Pre-mama: Lost in Translation

Q

Illustration credit: Jo Gay

When I was 18, I made my initial no-marriage-ever-under-any-circumstances declaration. I would tell this to anyone who would care to listen in a self-righteousness of someone who believes she’s the first person in the history to make that statement.

The thought continued through college, however, in a twist of fate I was the first one to marry among my friends. Soon after I made another declaration no-kids-until-I-finish…blah-blah-blah, and somewhere along the years no-kids turned into when-we-have kids, and now we have two under our nook.

Now, if I met my 18-year-old self, I wouldn’t recognize me even if I dance with a pom pom in front of her. At 18, I was full of energy making plans for future. I imagined myself playing Badminton nationals, singing in a concert, or traveling around the world. I would picture myself sitting in a quaint café reading Proust or studying some language. Of course, I’d always have a bank full of money and spare time to indulge in whatever takes my fancy. They were plans after all and planning is comforting. No wonder they never lasted more than a month. Although, I do not relate to my 18-year old self anymore but I hate to think that my kids would never get to know that side of me–the carefree, rebellious side.

I feel I owe my 18-year-old self some recognition, so here you go kid’s, your mama wasn’t a born bore. There was a time when she could sit through an entire movie without snoozing off.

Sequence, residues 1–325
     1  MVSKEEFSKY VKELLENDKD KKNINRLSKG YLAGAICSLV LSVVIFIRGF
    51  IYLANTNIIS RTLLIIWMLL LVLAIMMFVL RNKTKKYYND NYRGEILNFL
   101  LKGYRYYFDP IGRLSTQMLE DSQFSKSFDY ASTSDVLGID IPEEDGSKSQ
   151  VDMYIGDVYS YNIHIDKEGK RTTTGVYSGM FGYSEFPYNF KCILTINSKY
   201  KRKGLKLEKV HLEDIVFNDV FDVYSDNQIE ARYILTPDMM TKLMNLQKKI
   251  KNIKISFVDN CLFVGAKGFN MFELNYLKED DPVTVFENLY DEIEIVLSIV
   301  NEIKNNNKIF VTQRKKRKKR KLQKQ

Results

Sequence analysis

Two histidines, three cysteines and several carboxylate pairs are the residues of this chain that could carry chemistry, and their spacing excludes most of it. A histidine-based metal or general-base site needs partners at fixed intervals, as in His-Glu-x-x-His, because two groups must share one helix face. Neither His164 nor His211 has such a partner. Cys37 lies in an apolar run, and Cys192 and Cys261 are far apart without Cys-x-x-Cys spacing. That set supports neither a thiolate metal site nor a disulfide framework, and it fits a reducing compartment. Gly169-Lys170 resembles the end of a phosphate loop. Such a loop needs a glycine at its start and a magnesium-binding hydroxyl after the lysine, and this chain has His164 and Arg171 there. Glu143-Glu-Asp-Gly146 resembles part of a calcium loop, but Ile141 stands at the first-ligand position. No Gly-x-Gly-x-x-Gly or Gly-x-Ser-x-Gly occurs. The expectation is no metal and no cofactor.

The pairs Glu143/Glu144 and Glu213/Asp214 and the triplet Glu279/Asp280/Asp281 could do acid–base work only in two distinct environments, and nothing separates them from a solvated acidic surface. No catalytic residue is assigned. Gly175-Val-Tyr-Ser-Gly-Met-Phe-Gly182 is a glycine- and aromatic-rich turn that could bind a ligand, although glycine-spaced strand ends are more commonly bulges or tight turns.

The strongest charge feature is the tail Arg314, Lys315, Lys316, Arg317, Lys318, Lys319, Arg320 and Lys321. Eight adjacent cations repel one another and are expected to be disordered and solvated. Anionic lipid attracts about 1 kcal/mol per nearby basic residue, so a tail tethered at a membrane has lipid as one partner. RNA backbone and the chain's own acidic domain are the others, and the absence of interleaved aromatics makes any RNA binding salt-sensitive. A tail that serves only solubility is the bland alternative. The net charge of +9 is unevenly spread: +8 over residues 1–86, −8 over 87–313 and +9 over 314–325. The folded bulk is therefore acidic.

• My self-righteous tone while scolding you for eating chips is a SHAM. Because while growing up I use to survive on it. There were takeaway packets in the drawers, spoons between books, and cans under the bed. However, I must mention that made mommy FAT, and she had no boyfriends when she should have.Trust me, I still rather eat nachos and watch CARS-2 on repeat with you but I want you to grow up healthy and have fun chasing the sun. So for next several years, it’s going to be like this. Sorry.
  • The other day I brought the house down because you didn’t do your homework. Did I tell you I was a backbencher all my life? I hated being under the supervision of teachers. I bunked class, flunked subjects, and was even debarred twice in college. I know you will call me a hypocrite, but God has made me responsible for teaching you the life lessons, give you a decent education and make you a better human being. Hence, please bear the banshee screaming.
  • “We grew up on books”–haven’t I used that line a million times with you? Books hah! They weren’t always children’s fiction. I started reading Mills and Boons at age 12 and I didn’t stop there— much to the chagrin of your Didun (Grand Mother).They were bad literature that did not peel a potato for me.  I am always picking books for you now, telling you what-to-read and what-not-to, but I know soon you will learn to disguise your parents, and I am dreading that secretly.
  • Family, they were always important, but there was a time when I hated them. They call it the teenage year. I was perpetually angry with the world and not listen to anybody. I am worried about you reaching that phase. Can you do me a favor; do not indulge in stupid daring or take the pressure of education. Just make it to 24, life seems much better after that.

Rest you will survive. The way Mommy did.

 

TAGS: #parenting #parentinghumor
#whilegrowingup #motherhood #lifebeforebabies

This post was also published by Women’s Web and Buzzing Bubs as my column, check it

How Do You Talk About Your Teenage Self To Your Children, The Pre-Mama Phase As I Call It?

&

http://www.buzzingbubs.com/articles/5-confessions-of-a-mom-my-carefree-youth

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3 thoughts on “Pre-mama: Lost in Translation

  1. I totally see myself having this conversation with my baby girl 15 yrs from now. Great to have stumbled upon your blog and find some really good reads.
    Keep writing!

    Like

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